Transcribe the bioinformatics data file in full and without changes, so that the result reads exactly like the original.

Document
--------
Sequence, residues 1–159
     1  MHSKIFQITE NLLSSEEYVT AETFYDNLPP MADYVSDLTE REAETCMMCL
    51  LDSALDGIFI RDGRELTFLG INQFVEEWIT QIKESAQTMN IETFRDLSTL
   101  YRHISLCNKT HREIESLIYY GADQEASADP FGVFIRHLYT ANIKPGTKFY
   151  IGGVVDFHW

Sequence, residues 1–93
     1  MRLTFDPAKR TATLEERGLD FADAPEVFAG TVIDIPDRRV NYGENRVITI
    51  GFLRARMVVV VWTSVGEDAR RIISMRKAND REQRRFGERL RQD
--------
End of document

Sequence, residues 1–159
     1  MHSKIFQITE NLLSSEEYVT AETFYDNLPP MADYVSDLTE REAETCMMCL
    51  LDSALDGIFI RDGRELTFLG INQFVEEWIT QIKESAQTMN IETFRDLSTL
   101  YRHISLCNKT HREIESLIYY GADQEASADP FGVFIRHLYT ANIKPGTKFY
   151  IGGVVDFHW

Sequence, residues 1–93
     1  MRLTFDPAKR TATLEERGLD FADAPEVFAG TVIDIPDRRV NYGENRVITI
    51  GFLRARMVVV VWTSVGEDAR RIISMRKAND REQRRFGERL RQD